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Volume 6, Issue 675: Friday, July 30, 2004

  • "Nanotechnology Precaution Is Urged"
    Washington Post (07/30/04) P. A2; Weiss, Rick

    A joint report by Britain's Royal Society and Royal Academy of Engineering warns that nanoparticles carry enough potential risks to health and the environment to legitimize sanctions against certain cosmetic products for now, as well as prohibitions against the deliberate release of nanomaterials into the environment. The behavior of such particles is unpredictable and can be toxic in certain circumstances, the report concludes. The study directs criticism toward U.S. experiments whereby earth was exposed to nanoparticles, which could constitute a threat to organisms that inhabit soil as well as groundwater. The report recommends that manufacturing facilities consider nanoparticles harmful until proven otherwise, while products should be labeled appropriately to alert consumers to the presence of such materials. At the same time, the study suggests that consumers be made aware of nanotechnology's positive aspects so that it can avoid being hamstrung by bad public perception in the way genetically enhanced food and nuclear power was. Scientists and activists are concerned about nanoparticles because they sometimes exhibit extreme reactivity, and are small enough to insinuate themselves into living cells; furthermore, preliminary experimentation with animals has uncovered evidence of organ damage by nanoparticles. The difficulty of anticipating the risks posed by nanomaterials is partly the reason why U.S. regulations pertaining to worker safety, environmental protection, cosmetics sales, and drug approvals have not been modified to accommodate such substances, but several agencies are undertaking safety analyses: "I think we have an appropriate level of research and development underway to look into potential risks associated with nanoscale materials," asserts National Nanotechnology Coordination Office director E. Clayton Teague.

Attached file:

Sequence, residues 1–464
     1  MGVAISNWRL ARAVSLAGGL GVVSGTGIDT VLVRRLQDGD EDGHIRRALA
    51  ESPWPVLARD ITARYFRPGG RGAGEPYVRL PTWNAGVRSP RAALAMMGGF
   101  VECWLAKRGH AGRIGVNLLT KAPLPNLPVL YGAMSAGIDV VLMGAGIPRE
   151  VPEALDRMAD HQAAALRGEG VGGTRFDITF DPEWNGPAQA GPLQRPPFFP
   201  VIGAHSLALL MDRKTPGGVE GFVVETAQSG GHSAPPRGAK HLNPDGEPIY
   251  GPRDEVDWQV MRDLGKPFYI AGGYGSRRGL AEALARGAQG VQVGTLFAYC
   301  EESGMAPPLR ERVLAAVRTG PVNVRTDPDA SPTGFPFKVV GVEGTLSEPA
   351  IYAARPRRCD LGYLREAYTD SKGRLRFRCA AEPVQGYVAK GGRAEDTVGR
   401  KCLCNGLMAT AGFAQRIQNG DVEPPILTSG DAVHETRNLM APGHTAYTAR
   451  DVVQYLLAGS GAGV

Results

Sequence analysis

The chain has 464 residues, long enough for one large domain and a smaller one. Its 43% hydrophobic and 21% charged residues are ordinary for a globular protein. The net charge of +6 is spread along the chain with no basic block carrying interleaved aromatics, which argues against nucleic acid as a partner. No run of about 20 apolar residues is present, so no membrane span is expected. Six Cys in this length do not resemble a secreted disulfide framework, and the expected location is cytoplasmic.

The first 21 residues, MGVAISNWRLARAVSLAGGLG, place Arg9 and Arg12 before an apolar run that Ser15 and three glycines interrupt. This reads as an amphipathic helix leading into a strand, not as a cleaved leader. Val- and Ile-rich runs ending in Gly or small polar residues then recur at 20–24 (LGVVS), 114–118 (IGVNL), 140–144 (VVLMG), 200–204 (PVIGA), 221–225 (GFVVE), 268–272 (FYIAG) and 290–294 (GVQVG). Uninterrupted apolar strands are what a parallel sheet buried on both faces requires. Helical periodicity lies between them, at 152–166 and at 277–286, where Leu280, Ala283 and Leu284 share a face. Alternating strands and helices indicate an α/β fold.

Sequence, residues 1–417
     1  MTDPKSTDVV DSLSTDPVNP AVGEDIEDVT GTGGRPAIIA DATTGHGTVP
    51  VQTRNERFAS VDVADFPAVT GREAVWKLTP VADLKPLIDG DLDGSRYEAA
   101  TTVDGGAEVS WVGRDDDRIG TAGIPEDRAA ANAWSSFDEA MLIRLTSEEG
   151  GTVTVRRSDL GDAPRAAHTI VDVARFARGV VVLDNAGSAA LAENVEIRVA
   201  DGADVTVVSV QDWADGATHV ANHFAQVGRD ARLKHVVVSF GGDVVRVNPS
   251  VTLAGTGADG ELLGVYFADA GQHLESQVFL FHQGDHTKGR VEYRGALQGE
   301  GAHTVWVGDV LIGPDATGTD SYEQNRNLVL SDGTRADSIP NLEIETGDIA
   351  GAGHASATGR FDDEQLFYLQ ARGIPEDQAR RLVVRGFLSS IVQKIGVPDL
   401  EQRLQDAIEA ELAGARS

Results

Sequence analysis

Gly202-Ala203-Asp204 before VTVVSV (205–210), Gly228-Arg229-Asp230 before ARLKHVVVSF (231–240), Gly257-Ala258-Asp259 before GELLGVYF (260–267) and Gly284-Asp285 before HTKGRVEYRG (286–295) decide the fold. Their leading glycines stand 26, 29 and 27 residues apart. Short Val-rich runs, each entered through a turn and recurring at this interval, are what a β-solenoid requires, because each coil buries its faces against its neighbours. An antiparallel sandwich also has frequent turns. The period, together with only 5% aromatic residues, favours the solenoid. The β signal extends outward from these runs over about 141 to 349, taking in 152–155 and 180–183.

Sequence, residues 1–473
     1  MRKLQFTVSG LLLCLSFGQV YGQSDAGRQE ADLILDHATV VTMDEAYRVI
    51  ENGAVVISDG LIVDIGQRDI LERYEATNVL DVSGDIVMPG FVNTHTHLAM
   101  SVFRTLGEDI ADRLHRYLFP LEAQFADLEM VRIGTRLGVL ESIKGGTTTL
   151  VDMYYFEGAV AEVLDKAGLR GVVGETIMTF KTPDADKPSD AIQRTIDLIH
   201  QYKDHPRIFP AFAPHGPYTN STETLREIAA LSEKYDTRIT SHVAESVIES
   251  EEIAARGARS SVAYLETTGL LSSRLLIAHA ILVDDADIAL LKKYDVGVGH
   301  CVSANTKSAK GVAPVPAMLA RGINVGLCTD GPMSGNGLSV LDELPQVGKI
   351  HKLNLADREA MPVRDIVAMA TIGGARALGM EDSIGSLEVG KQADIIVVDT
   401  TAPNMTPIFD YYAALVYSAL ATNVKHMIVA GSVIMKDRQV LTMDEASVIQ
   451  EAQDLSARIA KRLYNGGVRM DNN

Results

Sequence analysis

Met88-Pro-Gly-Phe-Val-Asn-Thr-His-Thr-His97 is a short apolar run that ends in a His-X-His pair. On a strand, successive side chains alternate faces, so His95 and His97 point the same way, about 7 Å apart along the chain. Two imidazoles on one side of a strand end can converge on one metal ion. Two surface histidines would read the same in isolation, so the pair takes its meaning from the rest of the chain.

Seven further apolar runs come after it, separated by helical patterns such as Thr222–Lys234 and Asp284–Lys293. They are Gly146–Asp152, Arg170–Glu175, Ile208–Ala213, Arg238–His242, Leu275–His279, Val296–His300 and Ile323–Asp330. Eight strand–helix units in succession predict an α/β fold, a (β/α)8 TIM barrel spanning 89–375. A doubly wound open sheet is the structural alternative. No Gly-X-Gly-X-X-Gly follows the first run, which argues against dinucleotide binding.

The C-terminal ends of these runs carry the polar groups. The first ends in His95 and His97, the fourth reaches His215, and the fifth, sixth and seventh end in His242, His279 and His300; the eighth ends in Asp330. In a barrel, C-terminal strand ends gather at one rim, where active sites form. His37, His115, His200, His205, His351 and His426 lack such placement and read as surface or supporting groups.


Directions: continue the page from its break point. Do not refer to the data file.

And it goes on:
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  • "E-Voting Debate Shifts Focus to Reliability, Accessibility"
    Computerworld (07/28/04); Verton, Dan

    Critics of electronic voting systems complain that the emphasis on security problems is drawing attention away from equally important issues of accessibility and reliability, and grass-roots organizations have been pursuing court action to address these issues. The ACLU of Florida and the Miami-Dade Election Reform Coalition want the 15 Florida counties that will use e-voting systems in November to provide voter-verifiable paper trails. The ACLU also recently asked a Florida court to annul Gov. Jeb Bush's ban on manual recounts of direct recording equipment (DRE) touch-screen systems in the wake of disclosures that almost all electronic records from the DRE systems used in Miami-Dade County in the 2002 gubernatorial primary were lost last year following a computer crash. Meanwhile, the Verified Voting Foundation, the Citizens' Alliance for Secure Elections, and the Electronic Frontier Foundation filed an amicus brief in an Ohio federal court to bar the use of any e-voting system that lacks a paper ballot, and cited 18 incidents that led to disabled voter disenfranchisement and election administration problems over the past four years. Among such incidents was a 2002 gubernatorial race in Maryland in which touch-screen machines registered votes for the wrong candidate, and a January election for a House Seat in Broward County, Fla., in which e-voting systems recorded 134 undervotes despite the fact that only one candidate was on the ballot. Advocacy groups report that current DRE technology prevents many disabled voters from voting in private. "The American public can't afford to trust the foundation of our democratic system to machines that have failed repeatedly and are vulnerable to tampering," declared VerifiedVoting.org executive director Will Doherty.
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    For information on ACM's e-voting activities, visit http://www.acm.org/usacm.